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C# 11 and .NET 7 Bring Generic Parsing


One of the basic design patterns in .NET is the static Parse function. Virtually every class that can be instantiated from a string representation has one. Yet before C# 11 and .NET 7, there was no way to create an interface that accommodated this.

The fundamental problem is before now, abstract interfaces (i.e. the interface keyword) didn’t support static functions. This wasn’t just a C# limitation, the CLR itself didn’t support it before the introduction of the Static Abstract Methods in interfaces feature.

As with interface methods, Static Abstract Methods can have a default implementation, but there are limitations.

The static virtual and static abstract methods declared in interfaces don't have a runtime dispatch mechanism analogous to virtual or abstract methods declared in classes. Instead, the compiler uses type information available at compile time. Therefore, static virtual methods are almost exclusively declared in generic interfaces.

The example we are going to discuss today is the IParsable<TSelf> interface. It offers two methods, Parse and TryParse. Both accept a String and an IFormatProvider. To access them, you need a generic helper method such as:

static T Parse<T>(string s, IFormatProvider? provider)
    where T : IParsable<T>
    return T.Parse(s, provider);

You can invoke it using a type parameter.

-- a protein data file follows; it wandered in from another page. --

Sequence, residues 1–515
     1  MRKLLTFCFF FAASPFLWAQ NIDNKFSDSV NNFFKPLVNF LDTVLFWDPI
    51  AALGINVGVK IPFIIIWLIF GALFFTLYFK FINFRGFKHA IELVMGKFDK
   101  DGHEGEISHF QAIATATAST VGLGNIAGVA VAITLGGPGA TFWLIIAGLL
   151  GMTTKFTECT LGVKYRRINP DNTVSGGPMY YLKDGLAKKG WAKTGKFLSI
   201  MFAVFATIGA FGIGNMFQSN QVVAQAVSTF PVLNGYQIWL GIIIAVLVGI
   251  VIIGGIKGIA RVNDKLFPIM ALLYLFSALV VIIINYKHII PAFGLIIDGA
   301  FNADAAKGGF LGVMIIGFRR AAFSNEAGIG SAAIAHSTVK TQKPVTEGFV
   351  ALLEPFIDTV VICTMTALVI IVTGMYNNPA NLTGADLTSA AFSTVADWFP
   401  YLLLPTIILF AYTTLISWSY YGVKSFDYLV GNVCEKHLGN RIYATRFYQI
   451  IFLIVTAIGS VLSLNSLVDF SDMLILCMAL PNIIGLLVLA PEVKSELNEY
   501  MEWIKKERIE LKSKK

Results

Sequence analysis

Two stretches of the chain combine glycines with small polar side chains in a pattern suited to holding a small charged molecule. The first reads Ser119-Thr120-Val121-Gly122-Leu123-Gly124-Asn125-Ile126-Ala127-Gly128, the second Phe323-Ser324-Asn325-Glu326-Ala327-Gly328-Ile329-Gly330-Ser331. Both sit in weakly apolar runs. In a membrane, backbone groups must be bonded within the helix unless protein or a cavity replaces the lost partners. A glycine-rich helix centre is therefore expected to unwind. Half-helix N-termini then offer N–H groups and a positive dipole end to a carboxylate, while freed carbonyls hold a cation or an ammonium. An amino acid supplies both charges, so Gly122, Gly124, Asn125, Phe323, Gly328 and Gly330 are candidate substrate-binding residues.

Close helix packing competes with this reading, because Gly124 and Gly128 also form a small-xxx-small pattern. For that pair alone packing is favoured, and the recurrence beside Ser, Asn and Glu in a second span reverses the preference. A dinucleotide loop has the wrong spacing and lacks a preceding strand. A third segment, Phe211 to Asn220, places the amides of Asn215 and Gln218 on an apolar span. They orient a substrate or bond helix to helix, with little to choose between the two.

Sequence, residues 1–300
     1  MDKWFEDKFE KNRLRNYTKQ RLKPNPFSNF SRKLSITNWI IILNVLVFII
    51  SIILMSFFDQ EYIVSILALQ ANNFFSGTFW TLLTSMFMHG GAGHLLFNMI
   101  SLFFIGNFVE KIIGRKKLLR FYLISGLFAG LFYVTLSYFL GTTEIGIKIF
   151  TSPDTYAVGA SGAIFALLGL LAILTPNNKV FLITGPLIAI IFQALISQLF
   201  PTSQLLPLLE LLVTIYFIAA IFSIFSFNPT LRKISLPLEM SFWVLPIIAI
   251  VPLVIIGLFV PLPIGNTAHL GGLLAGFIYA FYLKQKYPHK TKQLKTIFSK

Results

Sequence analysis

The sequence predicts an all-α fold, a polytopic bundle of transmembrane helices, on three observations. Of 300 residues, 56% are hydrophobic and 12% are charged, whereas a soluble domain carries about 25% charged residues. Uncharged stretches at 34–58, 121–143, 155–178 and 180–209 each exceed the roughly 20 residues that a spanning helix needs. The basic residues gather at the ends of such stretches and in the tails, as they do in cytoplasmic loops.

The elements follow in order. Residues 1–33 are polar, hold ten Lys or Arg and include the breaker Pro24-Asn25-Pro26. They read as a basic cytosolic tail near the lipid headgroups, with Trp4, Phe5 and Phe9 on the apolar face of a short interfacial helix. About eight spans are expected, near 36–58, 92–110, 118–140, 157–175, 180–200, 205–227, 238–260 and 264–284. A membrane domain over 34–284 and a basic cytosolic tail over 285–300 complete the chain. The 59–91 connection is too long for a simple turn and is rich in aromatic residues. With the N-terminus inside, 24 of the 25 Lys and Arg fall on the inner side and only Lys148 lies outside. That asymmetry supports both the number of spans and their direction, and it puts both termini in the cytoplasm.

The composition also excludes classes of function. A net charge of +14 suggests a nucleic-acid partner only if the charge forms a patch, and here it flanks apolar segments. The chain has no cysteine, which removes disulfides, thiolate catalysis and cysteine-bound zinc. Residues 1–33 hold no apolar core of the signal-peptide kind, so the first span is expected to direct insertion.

var a = Parse<int>("4", null);

If you aren’t ready to upgrade to .NET 7, you can simulate it using reflection.

static T Parse<T>(string s, IFormatProvider? provider)
    //error handling omitted for clarity
    var type = typeof(T);
    var method = type.GetMethod("Parse", BindingFlags.Static | BindingFlags.Public, new[] { typeof(string), typeof(IFormatProvider) });
    var result = (T)method!.Invoke(null, new object?[] { s, provider })!;
    return result;

You can call this method in same fashion as you would the IParsable version. However, the risk in this technique is there is no compile-time safety. If the type T doesn’t have a Parse method or that method has the wrong set of parameters, the compiler can’t detect the mistake.

For performance sensitive code, you can also consider using the ISpanParsable interface. By using a Span instead of a String, memory allocations can often be avoided.

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